I do find it funny how I have changed personally though. Once upon a time, I couldn't wait to turn 16 and drive. Then I couldn't wait til I was 18 and could move out and make my own rules (hahaaha). Then, it was 21 so I could buy my own beer... then graduating college became the wish of the season.

Then, things started to change. I couldn't wait til I was 25 so my damned car insurance would start going down a little. Fast forward to kids... Wow, things changed a LOT. I couldn't WAIT until they were potty trained and I could be free of diapers. Then, I couldn't WAIT til we were done fooling around with those stinking bottles. Now, here I am today... 2 boys in baseball, track, football, piano, parties, overnights... I find myself thinking "I can't WAIT til these kids get their own damned drivers license".

But through it all, I learn something new everyday about humanity, my wife and my kids. In the first couple years with kids, you learn to stand back and savor where you are standing and what you are witnessing and you know the day will come all to soon when you will be asking yourself why you wished away the years. At that point, the wishing sort of becomes a personal joke more than anything else. Nothing else I do in life will be more important than mentoring my kids. It'll be the one thing I am the most proud of... at least I hope. We haven't written the chapters of the teenage years yet and I DO have 2 boys.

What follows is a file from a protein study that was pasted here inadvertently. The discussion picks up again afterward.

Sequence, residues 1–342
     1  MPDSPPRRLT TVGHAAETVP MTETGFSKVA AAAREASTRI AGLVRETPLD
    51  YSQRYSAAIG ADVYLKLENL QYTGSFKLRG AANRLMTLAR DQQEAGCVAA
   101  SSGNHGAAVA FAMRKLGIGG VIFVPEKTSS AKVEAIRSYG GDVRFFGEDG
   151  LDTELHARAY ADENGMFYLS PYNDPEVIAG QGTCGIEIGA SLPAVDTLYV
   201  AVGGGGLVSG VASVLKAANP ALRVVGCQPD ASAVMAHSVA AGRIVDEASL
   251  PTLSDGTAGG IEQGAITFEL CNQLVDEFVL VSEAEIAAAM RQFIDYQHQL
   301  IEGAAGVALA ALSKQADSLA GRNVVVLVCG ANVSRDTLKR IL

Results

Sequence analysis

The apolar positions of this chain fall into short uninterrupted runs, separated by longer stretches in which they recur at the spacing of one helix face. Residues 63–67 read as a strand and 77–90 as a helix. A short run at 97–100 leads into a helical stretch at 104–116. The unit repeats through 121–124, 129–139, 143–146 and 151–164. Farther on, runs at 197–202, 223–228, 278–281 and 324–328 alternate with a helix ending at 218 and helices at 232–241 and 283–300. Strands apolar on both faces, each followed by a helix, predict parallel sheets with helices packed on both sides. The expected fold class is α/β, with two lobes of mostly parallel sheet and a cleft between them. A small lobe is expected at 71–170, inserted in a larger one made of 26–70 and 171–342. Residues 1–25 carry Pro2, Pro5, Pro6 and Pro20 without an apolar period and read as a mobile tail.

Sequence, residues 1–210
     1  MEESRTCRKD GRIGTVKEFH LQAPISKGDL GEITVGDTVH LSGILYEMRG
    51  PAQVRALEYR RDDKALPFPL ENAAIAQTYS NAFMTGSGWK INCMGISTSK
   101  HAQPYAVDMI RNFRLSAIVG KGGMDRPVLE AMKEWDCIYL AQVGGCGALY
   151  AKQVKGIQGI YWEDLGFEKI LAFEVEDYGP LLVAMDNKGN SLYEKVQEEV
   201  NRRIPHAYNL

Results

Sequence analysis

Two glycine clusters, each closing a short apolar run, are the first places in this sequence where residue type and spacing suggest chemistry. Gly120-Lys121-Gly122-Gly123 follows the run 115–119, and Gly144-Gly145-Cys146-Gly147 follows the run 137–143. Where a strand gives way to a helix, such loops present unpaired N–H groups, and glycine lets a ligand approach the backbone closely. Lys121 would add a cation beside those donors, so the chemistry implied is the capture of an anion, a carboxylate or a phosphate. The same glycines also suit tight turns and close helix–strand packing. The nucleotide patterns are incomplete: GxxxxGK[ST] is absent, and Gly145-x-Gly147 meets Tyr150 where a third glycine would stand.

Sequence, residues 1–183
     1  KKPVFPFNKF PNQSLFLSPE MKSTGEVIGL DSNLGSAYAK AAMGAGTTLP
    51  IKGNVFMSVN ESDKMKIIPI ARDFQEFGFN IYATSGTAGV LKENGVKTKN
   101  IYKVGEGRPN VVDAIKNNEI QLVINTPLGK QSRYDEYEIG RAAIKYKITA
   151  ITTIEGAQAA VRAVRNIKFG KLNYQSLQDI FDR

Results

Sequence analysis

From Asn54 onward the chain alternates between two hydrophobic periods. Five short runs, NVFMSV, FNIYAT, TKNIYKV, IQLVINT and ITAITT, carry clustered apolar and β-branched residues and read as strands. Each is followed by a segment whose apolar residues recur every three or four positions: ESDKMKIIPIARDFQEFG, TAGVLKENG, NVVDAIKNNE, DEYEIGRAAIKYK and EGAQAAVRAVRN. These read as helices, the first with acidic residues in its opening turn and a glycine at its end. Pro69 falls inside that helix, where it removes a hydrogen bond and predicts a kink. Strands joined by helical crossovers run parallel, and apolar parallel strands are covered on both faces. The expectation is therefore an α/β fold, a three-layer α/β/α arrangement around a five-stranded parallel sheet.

27 posted on 06/16/2013 8:59:07 AM PDT by FunkyZero (... I've got a Grand Piano to prop up my mortal remains)
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To: ronnie raygun